Kiley Hamlin (06:47):
So in sort of live 3d stereo these characters were interacting and what we found is that babies at you know, six around six months just sort of couldn't get enough of it. They were really, really quite interested in the events and would watch lots of events happily because they just found them so engaging, which I think is a sort of interesting finding in itself that babies were so interested in watching these characters they'd never seen before that are not human or even animals interact and sort of really responding to them as though they were sort of wrapped audience members.
Amber Cazzell (07:27):
Yeah, no kidding. Okay. So let's, let's shift gears a little bit to specifically how this gets applied to morality. So in this paper and for people who are listening to the podcast I'll link to it in the episode description, but the paper that Kylie and I are largely gonna start working from today is infants. And Young's young children's preferences for prosocial over antisocial others in human development, highly published this with Julia Van de Vandervort in 2018. And anyway, I, I really appreciated the time that was taken in this article to kind of unravel how you identify a moral sense in infants since it's already. And you even acknowledged this in the paper, it's already difficult enough to do so in adults. And then you start to add in some of these complexities, interpretive complexities. And so you mentioned like four different elements. One was that the moral sense, trying to unravel what is a moral sense in infants involves social agents and different differential attention to social agents. You can see these reactions in unrelated, third parties, there's attention paid to the intention of the agents involved and that it's like contextually sensitive. So I'd love to kind of unpack these one at a time. And, and so the first one you mentioned was that the moral sense has to involve evaluations in situations where there's a social agent. Could you tell me a bit about some of the studies that have been done around that and what that means?
Kiley Hamlin (09:14):
Yeah, so of course are the sense that, you know, helping others is better than harming them requires that you're doing something to others who are worthy of being helped and harmed. So for example, in our Hill study that I mentioned a little while ago, we had control conditions where characters with eyes, the same characters, who'd been the helper and the hinderer in the original study push a ball up and down a Hill. So rather than pushing a character who was an agent who had previously shown the goal of getting to the top of the Hill, it was just an inert ball and it was pushed up versus pushed down. And what we found is that babies didn't prefer the character who pushed the ball upward versus the character who pushed the ball downward, suggesting that their preference in the other condition was, you know, specific to a social interaction.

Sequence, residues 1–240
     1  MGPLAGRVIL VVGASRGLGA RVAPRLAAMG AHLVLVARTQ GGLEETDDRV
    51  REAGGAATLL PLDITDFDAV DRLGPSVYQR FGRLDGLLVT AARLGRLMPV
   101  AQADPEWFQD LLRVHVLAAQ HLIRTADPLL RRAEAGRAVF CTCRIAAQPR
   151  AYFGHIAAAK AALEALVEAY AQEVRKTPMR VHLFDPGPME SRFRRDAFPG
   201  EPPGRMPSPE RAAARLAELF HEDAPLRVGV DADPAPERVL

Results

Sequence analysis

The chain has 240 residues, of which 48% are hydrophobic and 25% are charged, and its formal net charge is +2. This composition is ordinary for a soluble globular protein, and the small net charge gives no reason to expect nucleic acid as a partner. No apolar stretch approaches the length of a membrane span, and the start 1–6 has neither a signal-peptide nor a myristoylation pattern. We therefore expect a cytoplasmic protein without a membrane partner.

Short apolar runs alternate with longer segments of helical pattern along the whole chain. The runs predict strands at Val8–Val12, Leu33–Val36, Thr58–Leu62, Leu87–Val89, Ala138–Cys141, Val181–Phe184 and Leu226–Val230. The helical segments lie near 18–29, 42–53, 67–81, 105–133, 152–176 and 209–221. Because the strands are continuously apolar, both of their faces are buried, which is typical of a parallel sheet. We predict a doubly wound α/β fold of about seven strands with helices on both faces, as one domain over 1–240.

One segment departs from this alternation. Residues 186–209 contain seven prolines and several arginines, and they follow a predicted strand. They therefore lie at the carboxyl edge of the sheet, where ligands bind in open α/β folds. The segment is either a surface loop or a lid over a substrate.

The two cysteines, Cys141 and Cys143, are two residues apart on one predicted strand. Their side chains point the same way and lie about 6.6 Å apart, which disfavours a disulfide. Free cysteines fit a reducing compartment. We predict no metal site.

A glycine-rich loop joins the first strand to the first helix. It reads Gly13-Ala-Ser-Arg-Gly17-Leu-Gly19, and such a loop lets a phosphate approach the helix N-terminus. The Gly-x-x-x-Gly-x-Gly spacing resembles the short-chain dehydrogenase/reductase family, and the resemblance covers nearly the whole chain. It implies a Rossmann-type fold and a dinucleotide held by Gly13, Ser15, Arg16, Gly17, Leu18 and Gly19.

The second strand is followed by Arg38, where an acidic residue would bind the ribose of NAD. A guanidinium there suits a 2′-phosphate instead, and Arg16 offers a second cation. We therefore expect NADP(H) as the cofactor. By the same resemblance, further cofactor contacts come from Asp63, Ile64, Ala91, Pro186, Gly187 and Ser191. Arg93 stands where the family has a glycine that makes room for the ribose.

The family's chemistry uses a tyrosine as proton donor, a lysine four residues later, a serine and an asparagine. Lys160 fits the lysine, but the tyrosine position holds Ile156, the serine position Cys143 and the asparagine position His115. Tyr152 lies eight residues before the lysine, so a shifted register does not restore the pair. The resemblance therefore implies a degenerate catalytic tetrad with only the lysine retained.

Kiley Hamlin (10:10):
So if similar actions are taken on inanimate objects, babies don't seem to show a preference for characters who do one thing versus another. We've done that same kind of control condition in various other puppet shows that we shown to babies with positive and negative social action. So in one study we have a characters playing with a ball and he systematically drops his ball. And every time it falls in front of one puppet that puppet is nice and sort of rolls his ball back to him. And every time the ball drops in front of another puppet, that puppet is mean and steals the ball away. So in that study rather than pushing up versus pushing down, being the sort of actions meeting controlling for we controlled for the idea of rolling a ball toward the center of the stage versus running off the stage with a ball.
Kiley Hamlin (11:12):
And we had characters who interacted with rather than a puppet who was, you know, playing with a ball, a stick that had a ball attached to the end. And the ball was sort of bounce up and down and it would drop in front of one character or another one of whom would roll the ball back. One of whom would steal the ball away. And again, in those studies we found babies did not systematically prefer the character who rolled the ball back. So across studies we've found essentially that babies care about these kinds of actions only when they're directed toward an agent that has an unfulfilled goal. So only when they're real of helping in harming essentially.
Amber Cazzell (11:55):
Interesting. And at what age, like at what age do you start to see that distinction happening?
Kiley Hamlin (12:04):
So we've actually found that distinction at every age at which we've looked at these capacities. So the two studies that I just described, we've found that three month old babies will prefer a helpful versus a unhelpful character in the social conditions when those actions are directed toward an agent, but that baby's at the same age. So in this case three months will not prefer a character who does the same physical action, but toward a non agent. So in the, in the non social conditions, so we haven't ever found an age group where babies will prefer a helper over a hinderer, but seemingly because of the sort of low level features of the displays because every time we've asked them these control questions about whether it needs to be directed towards a social beam, we've always found that the answer is yes,
Amber Cazzell (12:58):
That's pretty mind blowing.
Kiley Hamlin (13:01):
Yeah. It's pretty amazing.
Amber Cazzell (13:03):